Wednesday, May 13, 2015


This is a guest post by the lightsource Megan Patiry, who is the founder of Hinterland, a holistic wellness blog dedicated to fusing the principles of Ayurveda with ancestral nutrition [the Paleo diet] and crafting vitalizing herbal tonics. She can be found sipping green juice, weaving a flower crown, or practicing an inverted yoga pose [and you can bet she’ll be photographing it all].

As we emerge from the dimly-lit recesses of winter and into gilded days of spring, we begin to desire a feeling of lightness - of new beginnings and clarity of action. This is our body, ever in tune with the rhythms of nature, calling on us to release the heaviness associated with winter, and begin gravitating toward lighter fare during mealtimes.

However, sometimes it isn’t just our digestive systems that require an awakening, but our minds as well. The recipe below uses Gotu Kola, one of Ayurveda’s most treasured herbs, that is ironically shaped much like a human brain. Used for thousands of years as a rasayana, or “rejuvenator,” in Ayurvedic therapies, Gotu Kola has demonstrated a remarkable ability to restore balance to the mind and body, heal the nervous system, and improve blood quality and circulation. It is also often referred to by many yogis and monks as the “Herb of Enlightenment” due to its profound cognitive-enhancing effects and ability to harmonize the right and left hemispheres of the brain. Legend has it that the Sri Lankans observed elephants (who have been associated with possessing a working memory surpassing that of any other mammal) routinely munching on Gotu Kola leaves, and decided to give it a try themselves. The cognitive-enhancing effects they discovered are now backed by science.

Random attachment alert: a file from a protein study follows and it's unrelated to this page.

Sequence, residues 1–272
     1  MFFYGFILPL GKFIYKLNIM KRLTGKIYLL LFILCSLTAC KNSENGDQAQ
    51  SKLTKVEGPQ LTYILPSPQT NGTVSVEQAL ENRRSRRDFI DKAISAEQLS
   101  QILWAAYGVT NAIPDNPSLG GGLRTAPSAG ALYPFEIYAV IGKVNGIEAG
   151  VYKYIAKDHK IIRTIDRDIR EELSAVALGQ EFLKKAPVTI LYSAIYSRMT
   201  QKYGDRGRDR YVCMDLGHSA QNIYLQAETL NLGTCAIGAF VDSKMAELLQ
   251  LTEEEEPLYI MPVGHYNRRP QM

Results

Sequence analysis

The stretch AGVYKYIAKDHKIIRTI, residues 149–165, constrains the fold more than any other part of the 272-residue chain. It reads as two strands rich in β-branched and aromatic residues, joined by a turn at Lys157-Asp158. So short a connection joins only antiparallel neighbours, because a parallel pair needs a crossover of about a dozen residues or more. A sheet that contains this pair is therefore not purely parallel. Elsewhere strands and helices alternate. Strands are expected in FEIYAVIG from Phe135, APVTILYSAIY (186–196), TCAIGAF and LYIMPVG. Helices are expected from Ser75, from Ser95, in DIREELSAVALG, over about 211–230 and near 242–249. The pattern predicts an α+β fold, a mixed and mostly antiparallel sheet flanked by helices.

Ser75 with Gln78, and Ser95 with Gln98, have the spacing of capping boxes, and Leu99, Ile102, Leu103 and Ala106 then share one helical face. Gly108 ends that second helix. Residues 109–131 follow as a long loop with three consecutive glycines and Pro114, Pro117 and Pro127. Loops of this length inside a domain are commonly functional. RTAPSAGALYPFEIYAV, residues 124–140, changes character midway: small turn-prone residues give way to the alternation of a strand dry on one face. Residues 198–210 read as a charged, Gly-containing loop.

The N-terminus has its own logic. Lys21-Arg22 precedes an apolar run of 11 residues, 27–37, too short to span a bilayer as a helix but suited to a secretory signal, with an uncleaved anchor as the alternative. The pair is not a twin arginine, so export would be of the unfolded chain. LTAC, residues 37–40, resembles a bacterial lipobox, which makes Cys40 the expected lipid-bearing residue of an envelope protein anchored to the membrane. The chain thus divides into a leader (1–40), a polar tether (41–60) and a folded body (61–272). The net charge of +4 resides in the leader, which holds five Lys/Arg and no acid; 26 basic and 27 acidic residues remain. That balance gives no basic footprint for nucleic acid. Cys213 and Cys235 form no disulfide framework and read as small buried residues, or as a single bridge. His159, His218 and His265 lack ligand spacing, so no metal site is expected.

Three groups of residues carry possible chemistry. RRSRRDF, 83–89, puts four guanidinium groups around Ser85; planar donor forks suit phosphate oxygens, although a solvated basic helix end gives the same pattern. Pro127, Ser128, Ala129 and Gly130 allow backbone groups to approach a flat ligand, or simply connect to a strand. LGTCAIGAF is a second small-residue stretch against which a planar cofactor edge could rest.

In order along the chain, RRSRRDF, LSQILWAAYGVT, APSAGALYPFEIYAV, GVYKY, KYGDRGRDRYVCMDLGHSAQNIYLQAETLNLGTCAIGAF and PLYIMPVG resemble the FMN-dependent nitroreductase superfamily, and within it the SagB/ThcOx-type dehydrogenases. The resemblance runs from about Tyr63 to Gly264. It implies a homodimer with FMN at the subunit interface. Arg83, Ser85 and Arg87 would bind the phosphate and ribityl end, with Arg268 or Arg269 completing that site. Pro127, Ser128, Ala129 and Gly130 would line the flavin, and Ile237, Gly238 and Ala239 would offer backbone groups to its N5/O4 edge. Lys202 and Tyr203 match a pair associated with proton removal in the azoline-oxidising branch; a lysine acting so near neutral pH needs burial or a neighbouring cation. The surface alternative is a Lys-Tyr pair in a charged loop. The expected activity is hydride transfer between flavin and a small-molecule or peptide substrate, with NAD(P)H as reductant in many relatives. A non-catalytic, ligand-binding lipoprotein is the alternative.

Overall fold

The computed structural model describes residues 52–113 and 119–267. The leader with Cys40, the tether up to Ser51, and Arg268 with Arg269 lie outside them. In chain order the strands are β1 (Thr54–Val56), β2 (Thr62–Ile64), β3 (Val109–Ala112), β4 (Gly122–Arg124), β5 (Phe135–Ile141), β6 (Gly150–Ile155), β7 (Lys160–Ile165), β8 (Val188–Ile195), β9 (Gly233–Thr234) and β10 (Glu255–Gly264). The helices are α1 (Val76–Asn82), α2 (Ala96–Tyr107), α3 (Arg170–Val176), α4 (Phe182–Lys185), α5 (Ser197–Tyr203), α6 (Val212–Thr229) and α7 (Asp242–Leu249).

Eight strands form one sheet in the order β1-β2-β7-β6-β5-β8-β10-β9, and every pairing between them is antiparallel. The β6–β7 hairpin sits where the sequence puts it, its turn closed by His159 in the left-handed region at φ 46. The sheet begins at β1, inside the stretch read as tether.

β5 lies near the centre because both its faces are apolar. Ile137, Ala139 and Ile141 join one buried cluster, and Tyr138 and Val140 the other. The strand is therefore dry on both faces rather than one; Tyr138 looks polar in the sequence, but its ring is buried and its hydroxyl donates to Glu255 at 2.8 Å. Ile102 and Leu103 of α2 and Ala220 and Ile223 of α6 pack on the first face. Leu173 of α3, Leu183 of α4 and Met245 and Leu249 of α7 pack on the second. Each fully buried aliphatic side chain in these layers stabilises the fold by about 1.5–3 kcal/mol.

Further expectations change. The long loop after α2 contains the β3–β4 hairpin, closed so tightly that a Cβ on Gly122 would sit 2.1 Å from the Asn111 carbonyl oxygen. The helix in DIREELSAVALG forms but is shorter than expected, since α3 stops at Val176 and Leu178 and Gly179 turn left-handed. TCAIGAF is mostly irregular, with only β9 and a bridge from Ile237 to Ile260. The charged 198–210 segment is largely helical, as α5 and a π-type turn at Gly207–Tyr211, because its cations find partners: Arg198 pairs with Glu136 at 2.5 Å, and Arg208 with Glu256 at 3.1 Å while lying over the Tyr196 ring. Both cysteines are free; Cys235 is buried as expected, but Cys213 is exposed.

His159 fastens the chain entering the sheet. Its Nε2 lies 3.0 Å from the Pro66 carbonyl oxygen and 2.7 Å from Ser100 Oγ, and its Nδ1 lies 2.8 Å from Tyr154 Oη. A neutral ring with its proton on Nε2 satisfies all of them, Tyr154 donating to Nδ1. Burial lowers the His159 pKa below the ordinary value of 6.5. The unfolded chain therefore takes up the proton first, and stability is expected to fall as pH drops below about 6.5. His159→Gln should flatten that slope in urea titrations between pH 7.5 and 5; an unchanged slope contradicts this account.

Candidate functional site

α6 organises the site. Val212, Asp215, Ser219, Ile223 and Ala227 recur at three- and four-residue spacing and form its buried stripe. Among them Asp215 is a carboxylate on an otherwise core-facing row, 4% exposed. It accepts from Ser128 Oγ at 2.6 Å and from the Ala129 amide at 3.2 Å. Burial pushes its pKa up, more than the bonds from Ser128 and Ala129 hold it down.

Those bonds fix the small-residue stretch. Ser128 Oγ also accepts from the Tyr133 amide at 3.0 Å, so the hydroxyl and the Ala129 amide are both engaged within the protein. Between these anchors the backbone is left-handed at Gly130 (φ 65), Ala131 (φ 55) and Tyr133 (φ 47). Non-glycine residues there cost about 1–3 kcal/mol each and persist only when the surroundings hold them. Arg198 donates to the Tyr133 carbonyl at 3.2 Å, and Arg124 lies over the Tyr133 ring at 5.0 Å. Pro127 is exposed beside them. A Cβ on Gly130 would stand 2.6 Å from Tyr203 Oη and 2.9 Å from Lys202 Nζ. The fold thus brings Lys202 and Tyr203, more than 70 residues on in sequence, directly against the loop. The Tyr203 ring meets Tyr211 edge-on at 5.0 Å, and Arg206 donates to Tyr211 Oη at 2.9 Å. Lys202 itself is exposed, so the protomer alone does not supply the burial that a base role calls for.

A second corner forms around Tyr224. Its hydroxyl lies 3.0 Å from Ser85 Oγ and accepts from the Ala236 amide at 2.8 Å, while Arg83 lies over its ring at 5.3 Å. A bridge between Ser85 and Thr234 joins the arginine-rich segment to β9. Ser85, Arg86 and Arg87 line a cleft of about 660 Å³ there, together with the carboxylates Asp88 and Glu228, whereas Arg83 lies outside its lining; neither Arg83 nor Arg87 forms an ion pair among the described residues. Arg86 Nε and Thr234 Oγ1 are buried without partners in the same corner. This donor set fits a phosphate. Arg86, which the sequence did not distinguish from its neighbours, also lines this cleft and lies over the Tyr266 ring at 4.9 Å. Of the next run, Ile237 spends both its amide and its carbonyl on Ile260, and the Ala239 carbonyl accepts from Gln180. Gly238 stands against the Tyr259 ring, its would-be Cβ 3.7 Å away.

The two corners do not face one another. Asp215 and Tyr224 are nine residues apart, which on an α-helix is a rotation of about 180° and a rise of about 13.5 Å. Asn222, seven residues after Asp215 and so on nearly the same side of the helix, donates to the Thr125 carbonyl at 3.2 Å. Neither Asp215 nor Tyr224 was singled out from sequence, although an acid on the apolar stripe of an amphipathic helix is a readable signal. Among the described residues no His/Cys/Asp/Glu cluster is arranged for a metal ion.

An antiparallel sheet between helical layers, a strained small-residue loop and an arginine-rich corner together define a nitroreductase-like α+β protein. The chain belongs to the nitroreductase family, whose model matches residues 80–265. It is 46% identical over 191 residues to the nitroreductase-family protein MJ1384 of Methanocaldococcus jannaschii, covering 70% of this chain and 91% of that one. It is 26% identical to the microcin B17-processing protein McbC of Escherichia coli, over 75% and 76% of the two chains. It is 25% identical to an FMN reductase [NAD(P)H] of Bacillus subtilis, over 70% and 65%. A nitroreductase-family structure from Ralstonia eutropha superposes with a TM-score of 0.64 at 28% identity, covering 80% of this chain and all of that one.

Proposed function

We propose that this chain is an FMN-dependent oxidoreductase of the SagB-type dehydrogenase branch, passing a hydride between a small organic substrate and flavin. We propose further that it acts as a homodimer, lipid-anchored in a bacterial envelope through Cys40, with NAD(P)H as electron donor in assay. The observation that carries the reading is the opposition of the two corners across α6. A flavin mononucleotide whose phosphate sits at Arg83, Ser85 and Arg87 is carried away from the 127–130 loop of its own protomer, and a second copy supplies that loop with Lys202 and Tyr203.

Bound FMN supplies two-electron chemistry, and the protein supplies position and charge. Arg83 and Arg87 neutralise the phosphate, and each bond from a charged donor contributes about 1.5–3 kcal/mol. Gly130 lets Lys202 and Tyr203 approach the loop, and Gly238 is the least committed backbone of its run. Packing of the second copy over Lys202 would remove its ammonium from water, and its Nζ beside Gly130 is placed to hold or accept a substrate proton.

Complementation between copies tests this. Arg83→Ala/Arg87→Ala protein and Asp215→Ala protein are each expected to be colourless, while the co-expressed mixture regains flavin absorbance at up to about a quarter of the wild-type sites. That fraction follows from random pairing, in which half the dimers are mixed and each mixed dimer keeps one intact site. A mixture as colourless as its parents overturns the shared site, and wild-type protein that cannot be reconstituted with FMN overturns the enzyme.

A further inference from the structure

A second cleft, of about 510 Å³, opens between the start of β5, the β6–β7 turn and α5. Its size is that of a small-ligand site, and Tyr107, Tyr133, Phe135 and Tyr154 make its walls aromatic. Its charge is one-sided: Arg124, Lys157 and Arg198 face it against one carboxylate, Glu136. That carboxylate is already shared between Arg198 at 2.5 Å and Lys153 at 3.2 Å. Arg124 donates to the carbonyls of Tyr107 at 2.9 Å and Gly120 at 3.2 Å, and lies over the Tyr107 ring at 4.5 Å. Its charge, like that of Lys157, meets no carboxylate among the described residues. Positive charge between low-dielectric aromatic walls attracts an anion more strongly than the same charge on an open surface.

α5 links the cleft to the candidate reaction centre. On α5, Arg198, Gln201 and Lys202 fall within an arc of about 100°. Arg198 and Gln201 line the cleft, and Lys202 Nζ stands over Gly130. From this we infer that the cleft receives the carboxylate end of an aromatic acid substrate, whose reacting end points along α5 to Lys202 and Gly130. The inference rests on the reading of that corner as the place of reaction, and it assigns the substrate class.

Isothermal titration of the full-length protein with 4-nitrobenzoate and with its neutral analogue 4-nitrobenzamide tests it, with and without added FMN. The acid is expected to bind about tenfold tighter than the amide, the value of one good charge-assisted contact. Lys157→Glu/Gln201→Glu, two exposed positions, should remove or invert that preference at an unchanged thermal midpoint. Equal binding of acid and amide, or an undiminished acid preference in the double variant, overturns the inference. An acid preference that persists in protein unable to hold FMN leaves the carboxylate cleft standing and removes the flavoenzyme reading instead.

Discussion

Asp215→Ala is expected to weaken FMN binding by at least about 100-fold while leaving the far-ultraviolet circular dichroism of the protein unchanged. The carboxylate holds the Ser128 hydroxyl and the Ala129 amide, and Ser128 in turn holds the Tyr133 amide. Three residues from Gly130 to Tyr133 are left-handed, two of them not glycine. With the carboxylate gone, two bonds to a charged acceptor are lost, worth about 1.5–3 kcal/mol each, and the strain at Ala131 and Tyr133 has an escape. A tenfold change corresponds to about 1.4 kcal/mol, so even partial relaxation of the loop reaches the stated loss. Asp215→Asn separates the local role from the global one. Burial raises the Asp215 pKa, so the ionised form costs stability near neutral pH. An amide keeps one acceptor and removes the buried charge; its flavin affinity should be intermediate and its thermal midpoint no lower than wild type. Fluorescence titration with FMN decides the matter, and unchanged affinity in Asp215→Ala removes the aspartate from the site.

Peppermint, the second main ingredient in this awakening tea, serves as a pacifying and cooling complement to Gotu Kola, and indeed pacifies all three doshas, or constitutions, in Ayurveda. It is especially beneficial for supporting digestion, and for clearing stomach stagnation. It also works to relieve congestion in the nose and throat, and helps sooth cough, both of which may be present in the form of seasonal allergies during springtime.

To round out this tea with a touch of sweetness, raw honey, a true superfood reflecting the golden energy of the sun, is added, lending nourishment to this recipe. It’s packed with amino acids and minerals, and is classified as a Yogavahi in Ayurveda, meaning it holds the ability to penetrate into the deepest tissues of the body and enhance the medicinal qualities of herbal preparations. 

4 teaspoons dried peppermint

2 teaspoons dried Gotu Kola // also known as Brahmi
1 teaspoon raw honey
1 liter alkaline water

Instructions | Boil 1 liter of water. Remove from heat. Immediately place fresh mint and Gotu Kola in your pot and steep for at least 5 minutes. Strain (if you don’t have a loose-leaf tea infuser) and let cool for a few more minutes before stirring in raw honey. Sip right away or let chill in the fridge.